How Income Inequality Transformed Into One of America’s Latest Political Refutes


Princess Faye Tabios, Features Editor '24

Across the U.S., there’s a term known as “redlining,” or preventing the opposite party from moving forward. It’s a type of decision made by loan lenders who decide which borrowers of their money will be accepted, and which borrowers will be declined. It is more often than not that the borrowers who are not accepted by their lenders are those with a lower credit score, or inability to pay their loans back.

“If everyone were to be in an equal balance socially and economically,” states Jasmine Flores, an 11th grader at Middle College High School, San Pablo, California, “That balance that capitalism fights so hard to protect would simply fall apart.” 

To ensure more Americans have the opportunity to pay back their debt, improve their credit score, and get accepted by these lenders, President Joe Biden released an application for student loan forgiveness on October 17, 2022, and made an appearance at Delaware State University four days later with student Zachary Bernard. For the most part, the aim of his plan was to target graduating students in debt.


Photo of Joe Biden from the White House website.

“How much are the monthly bills, and how do you have to pay for those necessities? How much do you have? Is there enough just for a little breathing room, as my dad would say, left over after the end of the month?” President Biden rhetorically asks his audience at Delaware State. He stated that no part of the relief would go to the top five percent in annual income.

Loans for students and families making less than $125,000 a year are allowed $10,000 or more in relief so long applicants sign up on the Federal Student Aid website before the end of 2023. About 400 billion dollars in tax money was estimated by the United States Congressional Budget Office on September 26, 2022, before Federal Aid published the application online, dividing state offices of education and legislation across the country. 

Court Order Blocks Student Relief

The application reached a halt when a court order was issued at the beginning of October by 6 out of the 50 states; Nebraska, Missouri, Arkansas, Iowa, Kansas, and South Carolina, stating “The burden of the economic loss and price increases will hit those who can least afford it—the working class and the poor.” When the documents were passed on to the Eastern District Court Judge, Henry Edward Autrey on September 29, 2022, their complaints were dismissed by memorandum.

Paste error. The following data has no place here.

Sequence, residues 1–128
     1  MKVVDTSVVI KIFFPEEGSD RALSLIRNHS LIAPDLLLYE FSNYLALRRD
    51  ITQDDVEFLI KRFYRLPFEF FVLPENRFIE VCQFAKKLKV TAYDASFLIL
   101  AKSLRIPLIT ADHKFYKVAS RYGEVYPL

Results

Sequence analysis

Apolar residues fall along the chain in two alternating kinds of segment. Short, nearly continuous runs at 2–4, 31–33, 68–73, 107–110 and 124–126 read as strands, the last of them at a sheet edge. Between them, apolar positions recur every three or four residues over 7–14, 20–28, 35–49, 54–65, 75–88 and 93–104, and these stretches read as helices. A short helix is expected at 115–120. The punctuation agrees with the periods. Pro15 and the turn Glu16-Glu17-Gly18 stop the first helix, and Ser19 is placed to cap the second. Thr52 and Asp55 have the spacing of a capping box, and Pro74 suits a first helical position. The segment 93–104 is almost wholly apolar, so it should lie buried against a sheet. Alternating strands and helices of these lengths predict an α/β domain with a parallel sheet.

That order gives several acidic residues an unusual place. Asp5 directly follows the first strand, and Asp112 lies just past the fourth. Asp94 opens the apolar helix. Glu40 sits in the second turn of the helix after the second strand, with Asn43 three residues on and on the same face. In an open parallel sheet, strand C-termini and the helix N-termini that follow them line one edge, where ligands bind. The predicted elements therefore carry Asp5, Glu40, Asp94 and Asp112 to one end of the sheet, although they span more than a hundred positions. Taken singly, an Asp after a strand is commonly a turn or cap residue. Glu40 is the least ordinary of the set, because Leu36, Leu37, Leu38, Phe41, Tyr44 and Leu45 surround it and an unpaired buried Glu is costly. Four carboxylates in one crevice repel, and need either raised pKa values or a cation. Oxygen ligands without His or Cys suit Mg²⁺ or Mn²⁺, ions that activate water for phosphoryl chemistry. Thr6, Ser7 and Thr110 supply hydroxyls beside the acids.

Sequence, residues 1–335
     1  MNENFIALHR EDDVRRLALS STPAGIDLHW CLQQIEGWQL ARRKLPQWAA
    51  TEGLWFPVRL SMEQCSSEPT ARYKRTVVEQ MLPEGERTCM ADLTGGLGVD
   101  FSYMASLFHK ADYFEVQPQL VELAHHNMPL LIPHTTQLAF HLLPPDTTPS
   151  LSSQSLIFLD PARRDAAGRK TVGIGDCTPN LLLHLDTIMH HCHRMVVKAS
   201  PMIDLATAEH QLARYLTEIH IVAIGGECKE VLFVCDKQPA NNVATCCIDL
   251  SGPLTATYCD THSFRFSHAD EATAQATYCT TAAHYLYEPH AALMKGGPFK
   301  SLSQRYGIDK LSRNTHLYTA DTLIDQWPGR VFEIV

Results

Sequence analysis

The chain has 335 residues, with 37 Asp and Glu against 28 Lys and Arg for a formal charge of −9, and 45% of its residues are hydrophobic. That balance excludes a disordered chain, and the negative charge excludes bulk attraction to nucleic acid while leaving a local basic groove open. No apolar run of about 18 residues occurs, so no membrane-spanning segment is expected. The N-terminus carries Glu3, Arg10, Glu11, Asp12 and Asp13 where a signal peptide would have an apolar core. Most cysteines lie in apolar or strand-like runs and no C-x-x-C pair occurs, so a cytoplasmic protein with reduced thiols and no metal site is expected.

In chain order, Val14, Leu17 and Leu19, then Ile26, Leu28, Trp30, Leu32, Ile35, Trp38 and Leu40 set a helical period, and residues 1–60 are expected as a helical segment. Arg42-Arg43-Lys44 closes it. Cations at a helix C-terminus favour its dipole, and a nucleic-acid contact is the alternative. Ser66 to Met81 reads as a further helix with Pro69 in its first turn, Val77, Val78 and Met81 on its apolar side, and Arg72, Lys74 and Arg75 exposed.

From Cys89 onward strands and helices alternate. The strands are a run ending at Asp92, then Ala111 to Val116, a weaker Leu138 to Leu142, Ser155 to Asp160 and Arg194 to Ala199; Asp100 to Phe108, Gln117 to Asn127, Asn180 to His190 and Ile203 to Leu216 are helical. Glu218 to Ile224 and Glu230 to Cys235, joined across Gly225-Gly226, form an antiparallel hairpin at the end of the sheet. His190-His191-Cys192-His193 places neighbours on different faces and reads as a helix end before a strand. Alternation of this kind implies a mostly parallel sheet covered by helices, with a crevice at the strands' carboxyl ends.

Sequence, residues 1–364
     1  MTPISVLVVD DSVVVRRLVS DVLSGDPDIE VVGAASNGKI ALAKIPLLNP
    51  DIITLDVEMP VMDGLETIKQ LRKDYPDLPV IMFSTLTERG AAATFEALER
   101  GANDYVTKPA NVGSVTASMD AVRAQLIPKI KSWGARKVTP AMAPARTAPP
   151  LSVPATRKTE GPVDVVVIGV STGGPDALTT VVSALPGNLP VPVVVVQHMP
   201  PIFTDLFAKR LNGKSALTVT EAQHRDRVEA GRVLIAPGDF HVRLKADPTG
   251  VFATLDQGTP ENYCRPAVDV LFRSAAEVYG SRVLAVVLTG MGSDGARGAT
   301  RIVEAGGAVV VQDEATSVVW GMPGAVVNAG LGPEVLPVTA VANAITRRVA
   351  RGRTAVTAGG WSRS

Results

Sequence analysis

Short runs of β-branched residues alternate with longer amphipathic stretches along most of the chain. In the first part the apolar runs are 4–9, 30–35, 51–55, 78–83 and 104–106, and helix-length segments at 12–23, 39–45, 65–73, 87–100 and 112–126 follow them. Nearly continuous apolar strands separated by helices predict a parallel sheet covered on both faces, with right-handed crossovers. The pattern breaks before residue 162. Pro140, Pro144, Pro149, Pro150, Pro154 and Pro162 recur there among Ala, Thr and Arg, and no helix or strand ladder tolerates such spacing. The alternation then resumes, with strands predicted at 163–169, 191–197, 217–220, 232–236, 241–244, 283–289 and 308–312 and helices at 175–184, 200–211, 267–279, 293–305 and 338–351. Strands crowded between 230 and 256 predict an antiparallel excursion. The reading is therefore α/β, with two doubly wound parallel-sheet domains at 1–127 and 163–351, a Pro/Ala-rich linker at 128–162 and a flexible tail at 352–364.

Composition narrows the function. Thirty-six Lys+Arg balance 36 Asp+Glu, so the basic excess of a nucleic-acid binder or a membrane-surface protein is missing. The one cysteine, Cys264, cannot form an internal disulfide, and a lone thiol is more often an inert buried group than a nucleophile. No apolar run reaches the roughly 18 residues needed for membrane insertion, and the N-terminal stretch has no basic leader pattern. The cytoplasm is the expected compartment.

Memorandum submitted by Court Judge Henry Autrey.

In Autrey’s stead, further collaboration between the six states and the Eighth Circuit Court of Appeals, and on October 24, 2022, an emergency motion protocol erupted. Discharging student loan debt was immediately shut down moments afterward, along with the site entirely within weeks.

“Honestly, it seems pretty unreasonable that they decided to cancel the student loan debt relief considering so many people before and currently are getting loans forgiven,” states Vallejo High School 11th grader, Aniyah Martin, “and richer people have seemingly endless tax cuts.”

So What Problem Was Student Loan Forgiveness Meant to Solve?

Joe Biden’s plan was for more students to have more breathing room – to focus on bills and buying a house with a mortgage than the education needed to pay for each utility. In other words, graduating students could become flexible with their income since their incomes are not immediately as stable as the top 5 percent or the top 10 percent further on. Graduating students would decrease wage gaps through the debt-free completion of their education.

“I’d say it’s necessary for those graduating soon to be able to live their lives without the dread of debt,” states Flores.

Fumi Matsuoka, a junior student at Vanden High School and exchange student from Ena High School states, “Where I am from, in Japan, we have non-regular employees who are forced to work overtime for salaries lower than regular employees.” 

An article translated by the Business & Human Rights Resource Centre wrote that interns admitted into “multiple garment companies,” or clothing companies in eastern Hiroshima, Japan, were caught siphoning money earned by three Vietnamese employees. 

The three were then pushed to work over 150 hours more than the hours they applied for when the law states 1.25 times hourly wage should be paid after working at least 45 hours in overtime per month. But the companies’ additional hours were rarely paid for and Matsuoka says these happenings are common for young employees across the country.

In the United States the minimum number of hours for overtime pay is 40 hours. But with the national nurse shortages going on nationwide, there are employees who opt for more and still get paid less since low-funded nursing facilities tending to the elderly. The gap between low-income and high-income is still high.